“And if I survive, I’m thinking of going out for dinner and a movie.”

“What? Seriously? Have you thought this through?”

“I just miss being around people, you know? And the new Christopher Nolan film will be in theaters in July —”

“Theaters? I wouldn’t be caught dead in a public movie theater. Do they even take your temperature before you enter?”

“No, I don’t think so. But they’re seating people several feet apart —”

“Wow, I guess I had no idea you were so selfish. What if you’re an asymptomatic carrier and strangers die because you’re ‘tired’ of watching feature films at home? ‘Oh, takeout’s not good enough for me! I’m the King! I get whatever I want, watch me bang my scepter and make bad choices that benefit only myself! Bang! Bang!’ Just wow.”

Personal Grooming.  With all the waxing salons closed, plan on seeing a lot of hairy legs, back fur, and other unpleasantness this summer. Look for the 1920’s unisex swimsuit to make a comeback: short, one-piece overalls that cover everything from the neck to mid-thigh. It will be for the best.

Going into June, 2020 continues to be a rough year, but there are things even a national shutdown can’t take away. Long, sunny days, burgeoning gardens, and having our immediate family members around 24/7, literally every second of our lives, are some of the things we can look forward to, as well as hiding in the garage per usual.

And don’t forget to run some medical experiments for the greater good. Germany is kicking butt on the global pandemic scorecard, possibly because beer has anti-viral properties. We will be testing that theory at home this summer. Results to follow.

Featured image: Shutterstock

Become a Saturday Evening Post member and enjoy unlimited access. Subscribe now


  1. I really enjoyed your humorous article and will send a copy to friends and colleagues. I get so aggravated at people carrying on in public like nothing is happening in the world, possibly spreading their asymptomatic contagious selves to innocent victims. This pandemic is not over and people need to stop being so self centered. Thanks for the article.

  2. I am 86 and I remember My Father getting The Sat Post I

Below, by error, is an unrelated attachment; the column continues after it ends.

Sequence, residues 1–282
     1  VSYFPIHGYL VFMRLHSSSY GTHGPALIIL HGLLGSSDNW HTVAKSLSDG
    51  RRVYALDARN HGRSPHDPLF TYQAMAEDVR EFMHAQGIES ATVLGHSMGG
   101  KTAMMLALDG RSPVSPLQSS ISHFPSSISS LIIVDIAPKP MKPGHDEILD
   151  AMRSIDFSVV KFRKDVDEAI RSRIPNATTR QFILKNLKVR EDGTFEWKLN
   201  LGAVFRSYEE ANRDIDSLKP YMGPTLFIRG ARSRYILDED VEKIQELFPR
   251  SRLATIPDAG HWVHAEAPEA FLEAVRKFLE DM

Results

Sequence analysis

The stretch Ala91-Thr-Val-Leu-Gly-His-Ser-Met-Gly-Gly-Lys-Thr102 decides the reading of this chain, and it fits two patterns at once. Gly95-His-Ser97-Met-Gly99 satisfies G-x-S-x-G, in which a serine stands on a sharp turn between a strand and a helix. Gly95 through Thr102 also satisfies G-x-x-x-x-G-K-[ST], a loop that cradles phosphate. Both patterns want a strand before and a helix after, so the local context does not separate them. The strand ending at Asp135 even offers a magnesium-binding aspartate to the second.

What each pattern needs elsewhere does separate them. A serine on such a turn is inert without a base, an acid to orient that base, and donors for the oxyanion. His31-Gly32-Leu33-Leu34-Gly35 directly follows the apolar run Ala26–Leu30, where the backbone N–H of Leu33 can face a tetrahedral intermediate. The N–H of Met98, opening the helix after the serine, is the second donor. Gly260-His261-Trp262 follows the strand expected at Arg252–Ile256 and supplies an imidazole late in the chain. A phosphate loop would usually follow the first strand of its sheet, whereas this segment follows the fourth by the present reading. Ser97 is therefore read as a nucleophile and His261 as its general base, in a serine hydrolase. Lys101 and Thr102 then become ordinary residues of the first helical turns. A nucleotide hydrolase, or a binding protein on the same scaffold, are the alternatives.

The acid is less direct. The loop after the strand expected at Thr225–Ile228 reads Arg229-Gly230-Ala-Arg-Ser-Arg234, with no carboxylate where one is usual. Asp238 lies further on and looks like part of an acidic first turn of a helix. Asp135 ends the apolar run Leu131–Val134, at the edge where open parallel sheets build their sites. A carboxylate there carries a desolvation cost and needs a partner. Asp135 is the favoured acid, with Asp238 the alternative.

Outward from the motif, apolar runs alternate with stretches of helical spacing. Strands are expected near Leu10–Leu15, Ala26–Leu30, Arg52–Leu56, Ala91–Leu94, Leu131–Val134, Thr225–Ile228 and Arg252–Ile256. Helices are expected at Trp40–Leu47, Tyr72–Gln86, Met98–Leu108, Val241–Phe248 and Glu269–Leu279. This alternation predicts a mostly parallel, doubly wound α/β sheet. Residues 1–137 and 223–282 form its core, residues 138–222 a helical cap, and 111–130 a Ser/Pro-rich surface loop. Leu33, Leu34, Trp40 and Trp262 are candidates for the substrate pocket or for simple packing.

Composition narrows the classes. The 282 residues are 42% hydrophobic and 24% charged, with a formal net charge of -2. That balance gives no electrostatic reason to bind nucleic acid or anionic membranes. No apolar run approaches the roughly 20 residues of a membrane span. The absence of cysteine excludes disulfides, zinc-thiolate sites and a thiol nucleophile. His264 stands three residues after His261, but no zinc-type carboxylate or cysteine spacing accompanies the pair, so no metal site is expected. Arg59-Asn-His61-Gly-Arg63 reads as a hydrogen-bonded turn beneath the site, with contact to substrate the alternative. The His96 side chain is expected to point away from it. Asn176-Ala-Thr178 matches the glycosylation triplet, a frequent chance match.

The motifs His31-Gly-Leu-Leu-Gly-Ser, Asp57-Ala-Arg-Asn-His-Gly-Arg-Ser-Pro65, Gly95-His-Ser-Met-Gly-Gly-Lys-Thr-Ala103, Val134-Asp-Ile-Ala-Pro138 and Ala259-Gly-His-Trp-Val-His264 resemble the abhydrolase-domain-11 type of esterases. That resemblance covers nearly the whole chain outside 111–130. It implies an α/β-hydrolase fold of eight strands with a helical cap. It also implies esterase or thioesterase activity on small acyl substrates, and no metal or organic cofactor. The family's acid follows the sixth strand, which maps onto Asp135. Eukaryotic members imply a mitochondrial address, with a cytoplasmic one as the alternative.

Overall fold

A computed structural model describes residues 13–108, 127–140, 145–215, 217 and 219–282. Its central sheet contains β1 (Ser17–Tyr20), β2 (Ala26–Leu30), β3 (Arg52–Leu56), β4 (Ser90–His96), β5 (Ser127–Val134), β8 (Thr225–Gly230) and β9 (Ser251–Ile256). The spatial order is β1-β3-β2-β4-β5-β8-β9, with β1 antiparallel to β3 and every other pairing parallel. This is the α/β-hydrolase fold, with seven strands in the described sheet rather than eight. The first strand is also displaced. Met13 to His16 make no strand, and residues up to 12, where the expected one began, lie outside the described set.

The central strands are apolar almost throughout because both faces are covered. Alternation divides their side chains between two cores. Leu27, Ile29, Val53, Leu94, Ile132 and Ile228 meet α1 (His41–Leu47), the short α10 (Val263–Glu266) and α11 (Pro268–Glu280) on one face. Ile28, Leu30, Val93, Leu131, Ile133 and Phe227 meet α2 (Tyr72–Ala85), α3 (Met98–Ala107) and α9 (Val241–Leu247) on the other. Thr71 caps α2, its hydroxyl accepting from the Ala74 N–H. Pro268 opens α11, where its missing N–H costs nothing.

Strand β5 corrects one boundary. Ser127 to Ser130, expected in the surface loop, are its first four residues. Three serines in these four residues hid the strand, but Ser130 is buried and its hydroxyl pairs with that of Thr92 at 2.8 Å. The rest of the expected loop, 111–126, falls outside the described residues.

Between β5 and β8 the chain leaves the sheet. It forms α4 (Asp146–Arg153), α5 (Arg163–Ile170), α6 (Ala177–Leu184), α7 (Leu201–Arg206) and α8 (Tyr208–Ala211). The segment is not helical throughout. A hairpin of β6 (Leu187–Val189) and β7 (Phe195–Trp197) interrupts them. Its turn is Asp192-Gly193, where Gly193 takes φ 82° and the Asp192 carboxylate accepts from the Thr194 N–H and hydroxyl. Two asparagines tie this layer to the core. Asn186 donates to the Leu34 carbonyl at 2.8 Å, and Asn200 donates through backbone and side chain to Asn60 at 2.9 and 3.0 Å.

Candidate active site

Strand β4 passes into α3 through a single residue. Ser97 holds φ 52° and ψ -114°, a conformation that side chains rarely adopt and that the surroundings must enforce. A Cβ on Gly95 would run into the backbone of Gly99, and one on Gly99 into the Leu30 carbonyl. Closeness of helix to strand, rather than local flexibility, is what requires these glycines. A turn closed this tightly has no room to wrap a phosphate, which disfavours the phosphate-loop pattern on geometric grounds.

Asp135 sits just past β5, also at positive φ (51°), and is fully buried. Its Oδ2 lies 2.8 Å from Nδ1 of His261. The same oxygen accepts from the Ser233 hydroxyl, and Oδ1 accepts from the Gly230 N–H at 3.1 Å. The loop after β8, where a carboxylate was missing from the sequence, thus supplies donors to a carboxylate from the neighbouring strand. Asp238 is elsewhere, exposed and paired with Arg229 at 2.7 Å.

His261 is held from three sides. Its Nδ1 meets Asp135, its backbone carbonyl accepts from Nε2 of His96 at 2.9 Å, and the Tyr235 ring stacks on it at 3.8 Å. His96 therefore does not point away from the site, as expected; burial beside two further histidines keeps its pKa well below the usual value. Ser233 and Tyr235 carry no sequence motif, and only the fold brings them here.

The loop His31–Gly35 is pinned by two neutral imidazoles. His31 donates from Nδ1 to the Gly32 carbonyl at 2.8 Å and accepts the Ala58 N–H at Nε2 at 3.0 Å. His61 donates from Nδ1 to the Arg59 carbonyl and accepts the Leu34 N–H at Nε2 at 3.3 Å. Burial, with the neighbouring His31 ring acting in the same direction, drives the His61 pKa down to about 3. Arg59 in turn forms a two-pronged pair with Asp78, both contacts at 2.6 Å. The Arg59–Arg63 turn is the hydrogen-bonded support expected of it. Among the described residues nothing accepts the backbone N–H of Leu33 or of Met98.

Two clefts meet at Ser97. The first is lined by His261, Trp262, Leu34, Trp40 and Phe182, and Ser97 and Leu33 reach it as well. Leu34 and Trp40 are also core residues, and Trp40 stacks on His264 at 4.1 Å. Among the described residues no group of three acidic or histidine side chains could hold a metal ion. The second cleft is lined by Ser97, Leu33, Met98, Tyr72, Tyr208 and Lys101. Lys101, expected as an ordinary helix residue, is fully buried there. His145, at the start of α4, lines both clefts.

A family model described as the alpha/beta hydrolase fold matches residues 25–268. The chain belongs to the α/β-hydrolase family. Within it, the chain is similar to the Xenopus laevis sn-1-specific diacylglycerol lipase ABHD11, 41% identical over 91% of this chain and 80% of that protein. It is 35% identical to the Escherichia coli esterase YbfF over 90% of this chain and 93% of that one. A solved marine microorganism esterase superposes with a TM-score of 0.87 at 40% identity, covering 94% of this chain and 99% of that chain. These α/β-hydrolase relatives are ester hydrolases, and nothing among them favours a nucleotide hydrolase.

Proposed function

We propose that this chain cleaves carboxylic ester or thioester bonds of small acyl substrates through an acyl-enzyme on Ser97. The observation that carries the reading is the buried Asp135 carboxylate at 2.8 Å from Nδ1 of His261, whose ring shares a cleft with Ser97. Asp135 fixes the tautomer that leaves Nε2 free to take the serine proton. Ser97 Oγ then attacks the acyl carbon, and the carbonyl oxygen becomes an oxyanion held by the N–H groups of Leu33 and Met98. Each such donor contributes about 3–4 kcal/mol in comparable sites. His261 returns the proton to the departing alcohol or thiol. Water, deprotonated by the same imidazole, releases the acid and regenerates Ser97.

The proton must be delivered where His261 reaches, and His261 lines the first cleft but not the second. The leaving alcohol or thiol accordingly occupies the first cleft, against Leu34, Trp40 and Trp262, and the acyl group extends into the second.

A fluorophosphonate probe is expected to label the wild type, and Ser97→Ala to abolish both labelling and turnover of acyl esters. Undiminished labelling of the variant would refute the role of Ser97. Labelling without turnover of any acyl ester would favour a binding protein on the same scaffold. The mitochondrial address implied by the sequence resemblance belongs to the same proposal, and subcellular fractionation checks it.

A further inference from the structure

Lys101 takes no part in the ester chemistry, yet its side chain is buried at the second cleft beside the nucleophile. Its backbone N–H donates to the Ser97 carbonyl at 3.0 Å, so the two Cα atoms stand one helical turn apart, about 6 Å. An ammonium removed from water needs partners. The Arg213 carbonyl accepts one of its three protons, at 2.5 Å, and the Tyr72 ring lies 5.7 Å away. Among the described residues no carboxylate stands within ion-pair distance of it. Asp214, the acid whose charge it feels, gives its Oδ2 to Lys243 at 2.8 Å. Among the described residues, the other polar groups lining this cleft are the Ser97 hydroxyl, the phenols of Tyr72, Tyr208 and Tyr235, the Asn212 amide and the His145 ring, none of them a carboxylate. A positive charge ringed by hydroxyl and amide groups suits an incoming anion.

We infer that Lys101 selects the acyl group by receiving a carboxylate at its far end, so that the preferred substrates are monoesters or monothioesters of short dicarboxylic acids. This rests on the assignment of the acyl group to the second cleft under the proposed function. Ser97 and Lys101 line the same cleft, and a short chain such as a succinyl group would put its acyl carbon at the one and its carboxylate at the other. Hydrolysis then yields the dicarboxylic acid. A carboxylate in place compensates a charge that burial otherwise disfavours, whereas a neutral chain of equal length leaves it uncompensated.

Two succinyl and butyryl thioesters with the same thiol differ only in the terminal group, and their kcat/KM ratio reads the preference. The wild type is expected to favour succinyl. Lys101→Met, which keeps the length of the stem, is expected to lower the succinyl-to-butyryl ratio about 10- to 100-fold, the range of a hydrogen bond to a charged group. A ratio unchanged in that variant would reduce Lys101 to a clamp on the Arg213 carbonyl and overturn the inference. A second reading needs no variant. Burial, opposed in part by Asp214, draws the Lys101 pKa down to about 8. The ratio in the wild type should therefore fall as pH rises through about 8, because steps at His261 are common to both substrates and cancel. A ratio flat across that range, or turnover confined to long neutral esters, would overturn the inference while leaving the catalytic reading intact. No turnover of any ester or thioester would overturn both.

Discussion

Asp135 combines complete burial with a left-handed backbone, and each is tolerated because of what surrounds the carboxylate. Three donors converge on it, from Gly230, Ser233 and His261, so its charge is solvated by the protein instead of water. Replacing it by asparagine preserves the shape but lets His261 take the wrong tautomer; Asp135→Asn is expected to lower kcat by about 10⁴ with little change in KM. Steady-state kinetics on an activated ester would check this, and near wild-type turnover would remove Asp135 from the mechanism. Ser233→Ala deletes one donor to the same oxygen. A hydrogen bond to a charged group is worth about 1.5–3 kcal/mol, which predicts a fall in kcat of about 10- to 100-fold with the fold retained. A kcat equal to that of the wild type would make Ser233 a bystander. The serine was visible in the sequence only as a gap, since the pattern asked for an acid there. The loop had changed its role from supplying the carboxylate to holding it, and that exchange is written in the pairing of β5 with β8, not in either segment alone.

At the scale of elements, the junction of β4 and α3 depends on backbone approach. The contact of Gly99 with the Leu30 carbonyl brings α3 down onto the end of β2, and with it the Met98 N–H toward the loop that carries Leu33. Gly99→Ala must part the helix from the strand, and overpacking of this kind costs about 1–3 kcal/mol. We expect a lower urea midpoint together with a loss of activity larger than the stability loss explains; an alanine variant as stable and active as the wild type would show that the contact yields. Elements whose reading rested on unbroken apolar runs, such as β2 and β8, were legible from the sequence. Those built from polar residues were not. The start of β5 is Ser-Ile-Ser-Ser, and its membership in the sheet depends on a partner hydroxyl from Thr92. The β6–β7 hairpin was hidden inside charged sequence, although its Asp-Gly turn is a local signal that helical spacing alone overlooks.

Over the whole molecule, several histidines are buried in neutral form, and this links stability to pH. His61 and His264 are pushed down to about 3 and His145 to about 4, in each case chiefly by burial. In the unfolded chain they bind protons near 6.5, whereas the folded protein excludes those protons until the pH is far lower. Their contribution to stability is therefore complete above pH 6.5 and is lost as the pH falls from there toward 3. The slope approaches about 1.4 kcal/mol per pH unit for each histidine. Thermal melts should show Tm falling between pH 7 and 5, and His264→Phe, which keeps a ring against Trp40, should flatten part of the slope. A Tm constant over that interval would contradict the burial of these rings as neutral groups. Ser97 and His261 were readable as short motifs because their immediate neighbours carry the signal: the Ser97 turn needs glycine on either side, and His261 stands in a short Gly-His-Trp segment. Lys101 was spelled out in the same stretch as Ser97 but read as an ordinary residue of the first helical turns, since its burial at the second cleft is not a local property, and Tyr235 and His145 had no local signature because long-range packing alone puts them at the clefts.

would wait for it to see the Norman Rockwell cover. Dad would read it cover to cover on day one always liked the cartoons too
    We get it now Still enjoy the stories and cartoons

  3. As I sit here alone in front of my computer for another day of virtual communication I’m still laughing at Maya’s creative description of life within the boundaries of the evil virus restrictions. Which do we find more evil, the virus or the restrictions? Thanks for a good laugh!!

  4. What a gruesomely accurate, horrid summer ‘sneak preview’ THIS is! However, I’ve actually already experienced at least one of them already. Yes, last week I attempted to buy myself a little bag of some See’s Candies favorites like the scotchmallow, rum nougat, walnut square but sadfully could not.

    Now it wasn’t as bad as what you have under ‘shopping’ here, BUT it wasn’t good either. As I walked up to the entrance (which you could not enter) I picked up a set of instructions as to how to buy/order the candy which now requires a phone call in advance, payment and more. Unfortunately there was no answer at either number. So I’m not going to bother for awhile. I’m sure the days of free samples are gone for good too.

    I don’t care if movie theaters close permanently, but DO if the traditional department stores do; especially Neiman Marcus. I’m made to feel like royalty there, even if I don’t actually buy there ($$$$). Just a visit to their cologne bar es muy fantastico, Ms. Sinha!

    On the family reunions, some of the coming changes may be for the good. It’s unlikely I’ll have to put up with my ‘sort of’ mother-in-law trying to embarrass me (and her Boston Terrier!) at Thanksgiving or Christmas ever again. With the new abnormal, there may be a few positive offsets we can’t foresee yet.


Your email address will not be published. Required fields are marked *